The conference organizers described the panel as innovative, the first of its kind in MAA history, and suggested that part of the innovation of the panel is that it reminds the MAA membership, especially the old guard, that medievalists are human. That we are not just scholars; we are human. The pronouncement was meant to encompass all of the membership, including me and Medievalists of Color, but I think it was especially meant to encompass those that are still learning to cope with the rapidly changing landscape of medieval studies. Suddenly, medievalists are being held accountable to push against the appropriation of the Middle Ages by white supremacists, and many well-meaning medievalists are afraid to make mistakes because they have never had to think about their jobs as potentially harmful. But to a woman of color whose humanity has been questioned in different contexts, who writes from Puerto Rico where our right to dignity has been questioned by a government that refuses to see Puerto Ricans as human, the proclamation that the panel was about reminding everyone of our humanity had very different connotations.
Dr. Cord Whitaker’s talk was poignant for me in this regard. He asked that we imagine ourselves in a tropical paradise lounging on a chair reading Chaucer. The image resulted in laughter, seemingly too bizarre to imagine the possibility as something other than a joke. And I laughed because I understand the conventions and I knew that it was time to laugh. But what happens when a room full of your peers, colleagues, and mentors laugh at your reality? I am Puerto Rican, I grew up in the mountains of a tropical island, and I would read by the beach. I read Chaucer for the first time by the beach (and in Spanish). I read Arthur by the beach. I live in complete certainty that most medieval Irish people would have loved to lounge by the beach with me. The oceans of my island would have been a welcomed Otherworld to them even as it is a certain reality to me.
It seemed that my lived experience was unimaginable to a room full of medievalists. But Dr. Whitaker knew that laughter would come and he used that laughter to point out that we should search for the Middle Ages in those places that we imagine empty of the Middle Ages. That just because we cannot imagine Chaucer inhabiting the tropics, does not mean that he doesn’t already live there. And just like that—in a new defining moment, a moment of shared humanity—Cord turned the unimaginable into reality and gave value to my lived experiences without even realizing it. And suddenly the MAA was not the Otherworld, medieval studies was real, and I was real in medieval studies.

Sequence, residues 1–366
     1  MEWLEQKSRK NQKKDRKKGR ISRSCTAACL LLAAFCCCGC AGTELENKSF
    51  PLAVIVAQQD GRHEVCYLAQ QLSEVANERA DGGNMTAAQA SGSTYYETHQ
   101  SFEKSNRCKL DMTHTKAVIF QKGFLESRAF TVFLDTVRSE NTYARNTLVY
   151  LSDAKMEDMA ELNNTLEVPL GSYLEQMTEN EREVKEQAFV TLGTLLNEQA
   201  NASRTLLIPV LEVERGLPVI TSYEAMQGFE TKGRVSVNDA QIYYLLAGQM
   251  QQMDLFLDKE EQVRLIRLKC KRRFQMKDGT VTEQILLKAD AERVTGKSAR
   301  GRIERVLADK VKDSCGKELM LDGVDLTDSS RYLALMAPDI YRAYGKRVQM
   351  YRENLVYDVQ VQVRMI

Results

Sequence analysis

Each speaker created such a moment for me. Their discussions were wholly theirs and yet I recognized myself in them. This is why I went to the MAA and I worked on starting the Inclusivity and Diversity Committee, the Belle Da Costa Greene Award, and the Diversity and Inclusivity Travel Grant; and this is why I plan to be a fixture in the Medieval Academy of America: because I am real, I refuse to be trapped in the Otherworld, and this is how I know to open up the doors.
I will end by noting that I am very proud of these initiatives, especially the new Belle Da Costa Greene Award, which will be granted to a medievalist of color for research and travel. I urge everyone to donate to the fund if they can and help open up more doors.
 I will openly admit that Lóeg is my favorite character. He is the getaway driver of Cú Chulainn, the most famous warrior of the Irish Ulstermen. More importantly, in Serglige Con Culainn, Lóeg closely resembles the fili or “poet” of the Irish stories. He is the first character to access the Otherworld, he tells the other Ulstermen about what he sees, and convinces Cú Chulainn to go there by reciting some masterful poetry. Once Lóeg and Cú Chulainn are in the Otherworld, Lóeg is the only one who can help calm Cú Chulainn’s warp-spasm, a transformation similar to that of a berserkr, before he kills everyone. Much as the fili is a poet, historian, and druid, Lóeg is commanded to fulfill these obligations.
 Proinsias Mac Cana describes the Otherworld in the following manner: “Being, as it is ultimately, an imaginative reflex of human attitudes and aspirations, this other kingdom assumes different forms according to the occasion and circumstance, but these forms are not sharply or consistently distinguished. When a mortal visits the otherworld by invitation, it is usually pictured as a land of contentment and joy. But when it is invaded by human heroes—a favorite theme in storytelling and one which is related to Cú Chulainn, Fionn and Arthur among others—then it wears a very different image. It may still be a country of riches and of wonders—and frequently the declared object of such heroic expeditions is to seize its treasures and its magic talismans—but inevitably its status relative to mankind has been transformed: its rulers and its welcoming hosts are now formidable and even monstrous enemies, fit to test the mettle of the greatest hero” (Celtic Mythology, 126).